When pioneer farmers arrived in the Fox River Valley, with them came some of the area’s earliest business owners. Among those were the millwrights that built dams up and down the Fox River and the mills the dams powered.
At 1:30 p.m. Feb. 29, at Oswego’s Little White School Museum, architect, planner and historian Michael Lambert will recount the history of that era and some of the effects from it that remain to this day.
The museum is at 72 Polk Street, two blocks from Oswego’s historic downtown business district.
Pioneer businessmen immediately understood the importance of the Fox River as a source of water power to run a variety of industries, from Ottawa to Elgin, influencing early town planning and settlement patterns. In Aurora, the river powered cotton mills, and in Yorkville, it powered a paper mill. In Oswego, a water-powered sawmill produced lumber, and an adjacent furniture factory turned out everything from chairs to tables. At almost every dam on the river, a grist mill ground wheat, rye and corn into flour.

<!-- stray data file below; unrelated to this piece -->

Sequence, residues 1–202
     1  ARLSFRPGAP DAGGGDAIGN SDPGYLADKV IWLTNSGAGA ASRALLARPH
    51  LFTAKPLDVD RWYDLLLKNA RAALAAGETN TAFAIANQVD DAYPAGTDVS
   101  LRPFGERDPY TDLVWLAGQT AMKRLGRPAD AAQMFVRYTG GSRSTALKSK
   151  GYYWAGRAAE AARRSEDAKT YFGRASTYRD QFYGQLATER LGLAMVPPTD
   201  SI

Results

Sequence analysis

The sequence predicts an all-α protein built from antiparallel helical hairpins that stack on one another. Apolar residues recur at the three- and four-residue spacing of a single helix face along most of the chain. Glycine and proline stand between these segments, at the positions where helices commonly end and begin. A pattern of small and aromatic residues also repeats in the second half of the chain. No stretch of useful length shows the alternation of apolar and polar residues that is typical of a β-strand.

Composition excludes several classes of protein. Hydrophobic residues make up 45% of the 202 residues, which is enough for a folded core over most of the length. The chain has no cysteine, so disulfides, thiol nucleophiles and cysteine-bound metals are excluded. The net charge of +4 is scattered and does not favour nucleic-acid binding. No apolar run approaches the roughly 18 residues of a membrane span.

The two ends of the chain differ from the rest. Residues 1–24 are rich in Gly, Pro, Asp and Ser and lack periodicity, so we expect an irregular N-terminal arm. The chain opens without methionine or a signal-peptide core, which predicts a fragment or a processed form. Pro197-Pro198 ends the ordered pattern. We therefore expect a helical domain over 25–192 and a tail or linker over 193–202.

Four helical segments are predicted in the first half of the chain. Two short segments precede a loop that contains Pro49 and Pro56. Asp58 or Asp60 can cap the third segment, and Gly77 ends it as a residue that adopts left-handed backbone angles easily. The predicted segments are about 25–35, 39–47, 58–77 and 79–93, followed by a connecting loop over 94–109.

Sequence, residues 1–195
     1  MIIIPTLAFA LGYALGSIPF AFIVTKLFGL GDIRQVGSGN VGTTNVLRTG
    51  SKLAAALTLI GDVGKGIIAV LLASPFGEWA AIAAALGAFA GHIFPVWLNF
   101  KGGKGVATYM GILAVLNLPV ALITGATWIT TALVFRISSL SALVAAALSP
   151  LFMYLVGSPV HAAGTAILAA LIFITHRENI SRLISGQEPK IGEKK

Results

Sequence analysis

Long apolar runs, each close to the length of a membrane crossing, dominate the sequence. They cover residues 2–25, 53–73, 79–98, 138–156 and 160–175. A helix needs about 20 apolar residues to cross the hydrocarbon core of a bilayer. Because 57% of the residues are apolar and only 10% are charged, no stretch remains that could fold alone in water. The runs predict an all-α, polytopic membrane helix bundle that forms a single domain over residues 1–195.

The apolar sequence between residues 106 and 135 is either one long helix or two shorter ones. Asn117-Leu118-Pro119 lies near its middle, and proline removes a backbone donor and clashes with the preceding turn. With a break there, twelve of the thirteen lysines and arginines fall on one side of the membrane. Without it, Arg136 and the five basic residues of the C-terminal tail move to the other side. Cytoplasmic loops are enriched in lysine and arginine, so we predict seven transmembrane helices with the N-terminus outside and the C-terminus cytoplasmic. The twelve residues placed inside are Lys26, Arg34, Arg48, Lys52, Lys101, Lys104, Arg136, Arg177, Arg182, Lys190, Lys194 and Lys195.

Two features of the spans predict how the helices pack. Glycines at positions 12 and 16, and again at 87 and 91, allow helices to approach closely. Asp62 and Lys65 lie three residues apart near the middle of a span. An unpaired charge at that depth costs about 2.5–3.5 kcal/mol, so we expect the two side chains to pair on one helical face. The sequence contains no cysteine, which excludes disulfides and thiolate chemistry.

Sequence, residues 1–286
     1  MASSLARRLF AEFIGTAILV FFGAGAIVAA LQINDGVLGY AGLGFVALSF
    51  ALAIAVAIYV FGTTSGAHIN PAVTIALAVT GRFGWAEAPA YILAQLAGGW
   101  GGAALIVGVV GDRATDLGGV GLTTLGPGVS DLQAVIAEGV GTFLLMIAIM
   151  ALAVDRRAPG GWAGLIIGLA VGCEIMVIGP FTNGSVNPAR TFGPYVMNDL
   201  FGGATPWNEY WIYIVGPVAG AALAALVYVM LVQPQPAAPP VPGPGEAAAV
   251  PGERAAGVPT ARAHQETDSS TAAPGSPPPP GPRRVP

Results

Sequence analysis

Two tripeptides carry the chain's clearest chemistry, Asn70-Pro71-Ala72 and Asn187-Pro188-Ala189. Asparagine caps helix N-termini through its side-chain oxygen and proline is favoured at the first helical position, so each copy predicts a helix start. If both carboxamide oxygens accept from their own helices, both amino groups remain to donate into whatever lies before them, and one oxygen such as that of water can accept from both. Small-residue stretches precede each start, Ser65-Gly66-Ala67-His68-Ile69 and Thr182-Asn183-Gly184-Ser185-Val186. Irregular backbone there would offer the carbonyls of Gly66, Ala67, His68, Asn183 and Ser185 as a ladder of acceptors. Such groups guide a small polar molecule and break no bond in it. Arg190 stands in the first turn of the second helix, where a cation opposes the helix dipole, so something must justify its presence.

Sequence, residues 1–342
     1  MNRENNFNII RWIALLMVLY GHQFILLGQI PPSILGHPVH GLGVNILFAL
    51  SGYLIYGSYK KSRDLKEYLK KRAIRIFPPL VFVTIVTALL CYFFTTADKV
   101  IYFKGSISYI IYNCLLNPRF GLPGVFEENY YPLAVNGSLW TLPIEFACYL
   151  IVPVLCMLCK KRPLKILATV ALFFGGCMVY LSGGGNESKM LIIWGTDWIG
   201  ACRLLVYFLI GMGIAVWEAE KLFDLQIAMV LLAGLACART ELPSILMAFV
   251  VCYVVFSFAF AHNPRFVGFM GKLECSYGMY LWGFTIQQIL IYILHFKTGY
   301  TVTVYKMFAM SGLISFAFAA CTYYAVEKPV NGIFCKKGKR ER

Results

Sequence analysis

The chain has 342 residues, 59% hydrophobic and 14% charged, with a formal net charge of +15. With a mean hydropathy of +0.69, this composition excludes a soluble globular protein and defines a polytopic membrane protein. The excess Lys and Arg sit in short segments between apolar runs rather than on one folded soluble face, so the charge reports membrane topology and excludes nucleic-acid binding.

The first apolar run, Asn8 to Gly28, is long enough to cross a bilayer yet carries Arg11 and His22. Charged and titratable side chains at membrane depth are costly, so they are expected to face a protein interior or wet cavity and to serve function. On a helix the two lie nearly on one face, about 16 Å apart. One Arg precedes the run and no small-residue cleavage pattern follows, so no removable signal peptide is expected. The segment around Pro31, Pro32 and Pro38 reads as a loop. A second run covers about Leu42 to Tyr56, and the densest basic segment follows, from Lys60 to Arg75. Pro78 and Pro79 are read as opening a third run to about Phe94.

Lambert will guide attendees through the details of the Fox Valley’s earliest river-centered industrial development period, which lasted from 1825-1855. Those early pioneer manufacturers gradually were replaced because of changing technology. Today, only remnants of the Fox Valley’s water-powered industrial roots survive.
Admission is $5. Advance registration is recommended, but walk-in registration the day of the program is welcome. The presentation, suitable for visitors aged 16 and older, will be hosted by the Oswegoland Heritage Association in partnership with the Oswegoland Park District.